How To Plan an Investigation
Attorney John Thompson provides a primer to help non-security personnel conduct effective investigations
By John Thompson
June 13, 2007 — CSO — At many companies, small security staffs mean other departments—commonly human resources or legal—necessarily help conduct investigations. John Thompson’s Corporate Investigations for Nonsecurity Professionals, published by the CSO Executive Council (which is affiliated with CSO), aims to ensure that information is collected in a reliable and legally responsible manner. The following is an abridged excerpt on the planning phase of an investigation.
The objective of a security investigation is to get the facts so that a resolution of the complaint and situation can be achieved. At the same time, it is possible that some day a jury or attorneys outside the organization might scrutinize every aspect of any investigation conducted. For example, the organization might have to turn over to outside attorneys every note the investigator has written about the investigation, and the investigator might have to recount every conversation he or she had involving the investigation. Moreover, someone’s job or well-being might depend upon the quality of the investigation. Thus, an investigation is not something that should be done haphazardly or without a clear plan in mind. Many investigators have declared their embarrassment to me when I have reviewed their investigation file two years after the investigation in preparation for a deposition or trial testimony. The investigator’s memory naturally is poor about the investigation because it is years later and numerous investigations have come and gone in the interim.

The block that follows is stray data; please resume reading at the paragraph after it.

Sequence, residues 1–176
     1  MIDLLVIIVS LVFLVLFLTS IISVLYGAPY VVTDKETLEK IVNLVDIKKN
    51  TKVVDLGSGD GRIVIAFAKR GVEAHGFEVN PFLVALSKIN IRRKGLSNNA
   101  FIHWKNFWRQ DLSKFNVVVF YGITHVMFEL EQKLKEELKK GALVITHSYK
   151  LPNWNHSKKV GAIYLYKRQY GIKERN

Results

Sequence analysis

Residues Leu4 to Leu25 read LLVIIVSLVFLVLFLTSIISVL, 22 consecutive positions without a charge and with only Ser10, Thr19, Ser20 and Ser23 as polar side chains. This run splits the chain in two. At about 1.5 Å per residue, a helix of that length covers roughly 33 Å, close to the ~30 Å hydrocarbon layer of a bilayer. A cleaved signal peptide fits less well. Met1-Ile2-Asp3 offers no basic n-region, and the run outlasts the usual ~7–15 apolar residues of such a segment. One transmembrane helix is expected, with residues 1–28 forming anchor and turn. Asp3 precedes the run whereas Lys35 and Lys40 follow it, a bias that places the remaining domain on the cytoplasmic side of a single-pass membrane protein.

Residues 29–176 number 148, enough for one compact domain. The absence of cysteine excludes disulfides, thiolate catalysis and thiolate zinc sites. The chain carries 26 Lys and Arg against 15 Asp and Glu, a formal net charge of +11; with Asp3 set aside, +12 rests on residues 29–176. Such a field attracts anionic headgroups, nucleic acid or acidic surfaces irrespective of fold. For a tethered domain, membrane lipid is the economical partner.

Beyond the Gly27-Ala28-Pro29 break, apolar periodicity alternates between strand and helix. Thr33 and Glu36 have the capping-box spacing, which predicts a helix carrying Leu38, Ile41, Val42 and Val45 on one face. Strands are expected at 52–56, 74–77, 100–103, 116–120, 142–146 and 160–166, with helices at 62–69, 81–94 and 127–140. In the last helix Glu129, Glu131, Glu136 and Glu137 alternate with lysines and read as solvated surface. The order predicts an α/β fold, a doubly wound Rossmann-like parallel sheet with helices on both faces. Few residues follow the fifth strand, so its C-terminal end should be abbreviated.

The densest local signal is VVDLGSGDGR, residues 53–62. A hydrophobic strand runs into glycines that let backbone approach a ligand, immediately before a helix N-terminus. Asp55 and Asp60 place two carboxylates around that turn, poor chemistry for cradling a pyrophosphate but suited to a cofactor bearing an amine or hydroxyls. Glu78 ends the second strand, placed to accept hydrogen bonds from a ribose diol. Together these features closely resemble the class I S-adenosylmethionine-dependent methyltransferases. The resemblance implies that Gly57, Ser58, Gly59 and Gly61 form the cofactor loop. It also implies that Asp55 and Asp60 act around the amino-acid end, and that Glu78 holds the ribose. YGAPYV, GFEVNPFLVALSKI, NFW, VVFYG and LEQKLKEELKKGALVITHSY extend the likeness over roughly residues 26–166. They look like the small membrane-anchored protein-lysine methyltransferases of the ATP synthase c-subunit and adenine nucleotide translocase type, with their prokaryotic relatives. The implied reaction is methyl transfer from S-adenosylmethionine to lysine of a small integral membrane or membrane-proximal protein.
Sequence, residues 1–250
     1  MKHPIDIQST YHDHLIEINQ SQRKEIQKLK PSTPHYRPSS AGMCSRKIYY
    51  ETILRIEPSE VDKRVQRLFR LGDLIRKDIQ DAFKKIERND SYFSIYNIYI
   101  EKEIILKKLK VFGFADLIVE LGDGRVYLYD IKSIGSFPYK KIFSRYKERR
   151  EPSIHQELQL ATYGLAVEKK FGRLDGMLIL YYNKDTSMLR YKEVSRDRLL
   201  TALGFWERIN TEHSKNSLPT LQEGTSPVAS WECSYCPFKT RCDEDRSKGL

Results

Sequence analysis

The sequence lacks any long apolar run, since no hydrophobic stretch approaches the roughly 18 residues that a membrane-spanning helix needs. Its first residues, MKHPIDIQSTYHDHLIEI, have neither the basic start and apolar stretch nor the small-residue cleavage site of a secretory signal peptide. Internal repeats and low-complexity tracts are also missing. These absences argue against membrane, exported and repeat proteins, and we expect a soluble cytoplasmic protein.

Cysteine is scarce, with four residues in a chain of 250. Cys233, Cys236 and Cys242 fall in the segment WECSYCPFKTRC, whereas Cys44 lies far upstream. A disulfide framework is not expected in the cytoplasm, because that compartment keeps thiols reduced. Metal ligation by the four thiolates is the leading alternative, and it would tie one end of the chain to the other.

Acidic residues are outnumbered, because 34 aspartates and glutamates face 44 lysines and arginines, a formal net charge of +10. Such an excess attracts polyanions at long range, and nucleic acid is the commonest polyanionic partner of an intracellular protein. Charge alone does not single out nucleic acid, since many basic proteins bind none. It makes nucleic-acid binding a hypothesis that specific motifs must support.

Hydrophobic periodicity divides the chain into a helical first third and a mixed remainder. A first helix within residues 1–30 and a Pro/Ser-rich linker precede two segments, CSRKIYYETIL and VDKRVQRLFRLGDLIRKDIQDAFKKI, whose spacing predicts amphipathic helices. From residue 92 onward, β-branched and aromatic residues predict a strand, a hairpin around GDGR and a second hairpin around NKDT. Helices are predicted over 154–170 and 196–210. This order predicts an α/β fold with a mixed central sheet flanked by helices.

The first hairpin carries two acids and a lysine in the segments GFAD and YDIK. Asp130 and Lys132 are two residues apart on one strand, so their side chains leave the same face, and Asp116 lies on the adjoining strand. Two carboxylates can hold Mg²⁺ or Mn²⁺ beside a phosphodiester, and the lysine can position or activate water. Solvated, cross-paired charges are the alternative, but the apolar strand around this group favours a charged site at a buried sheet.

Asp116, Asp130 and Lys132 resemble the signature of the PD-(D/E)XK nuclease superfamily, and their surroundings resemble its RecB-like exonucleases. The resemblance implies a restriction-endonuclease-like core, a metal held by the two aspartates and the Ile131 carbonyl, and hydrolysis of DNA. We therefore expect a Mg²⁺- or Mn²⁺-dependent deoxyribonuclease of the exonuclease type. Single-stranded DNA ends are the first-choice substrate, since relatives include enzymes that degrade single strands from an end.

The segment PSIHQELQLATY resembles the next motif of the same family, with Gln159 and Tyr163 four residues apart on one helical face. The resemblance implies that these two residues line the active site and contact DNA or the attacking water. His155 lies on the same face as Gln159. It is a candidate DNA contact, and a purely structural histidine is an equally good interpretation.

Worse, the investigator’s notes often are cryptic, undated and virtually useless. What seemed like a perfectly reasonable investigation plan at the time is impossible to decipher later. Because every part of an investigation might later be subject to scrutiny, every part of the investigation should be documented, including the up-front planning process. The following considerations should help the investigator plan an investigation. This, in turn, should lead to more accurate and complete information obtained and greater legal protection for the organization.
Minimize witness intimidation. As the investigator begins thinking about how to conduct the investigation, he or she must confront the possibility that certain witnesses to the investigation might feel intimidated by the alleged wrongdoer, even by the simple fact that the alleged wrongdoer is in the workplace. Even worse, the alleged wrongdoer (and even the complainant) might intimidate, harass, or retaliate against witnesses in an attempt to influence the outcome of the investigation. It might be necessary to remove the alleged wrongdoer, the complainant or both individuals in order to maximize the information obtainable from other witnesses. On the other hand, removing an employee from the workplace during an investigation is a serious human resources matter. If the investigator believes that removing an employee from the workplace is necessary to remove possible intimidation, he or she should consider consulting with the need-to-know group to obtain a consensus on such an action.